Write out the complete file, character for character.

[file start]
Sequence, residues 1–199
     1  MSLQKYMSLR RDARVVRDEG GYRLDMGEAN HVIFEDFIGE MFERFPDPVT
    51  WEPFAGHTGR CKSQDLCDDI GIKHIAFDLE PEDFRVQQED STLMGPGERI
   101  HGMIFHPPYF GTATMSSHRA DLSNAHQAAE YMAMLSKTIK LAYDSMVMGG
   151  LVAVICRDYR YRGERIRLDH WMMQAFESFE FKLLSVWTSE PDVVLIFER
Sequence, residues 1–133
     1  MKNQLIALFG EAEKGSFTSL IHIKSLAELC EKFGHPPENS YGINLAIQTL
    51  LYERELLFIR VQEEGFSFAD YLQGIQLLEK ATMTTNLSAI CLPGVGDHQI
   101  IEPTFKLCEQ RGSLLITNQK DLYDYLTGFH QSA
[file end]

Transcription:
Sequence, residues 1–199
     1  MSLQKYMSLR RDARVVRDEG GYRLDMGEAN HVIFEDFIGE MFERFPDPVT
    51  WEPFAGHTGR CKSQDLCDDI GIKHIAFDLE PEDFRVQQED STLMGPGERI
   101  HGMIFHPPYF GTATMSSHRA DLSNAHQAAE YMAMLSKTIK LAYDSMVMGG
   151  LVAVICRDYR YRGERIRLDH WMMQAFESFE FKLLSVWTSE PDVVLIFER
Sequence, residues 1–133
     1  MKNQLIALFG EAEKGSFTSL IHIKSLAELC EKFGHPPENS YGINLAIQTL
    51  LYERELLFIR VQEEGFSFAD YLQGIQLLEK ATMTTNLSAI CLPGVGDHQI
   101  IEPTFKLCEQ RGSLLITNQK DLYDYLTGFH QSA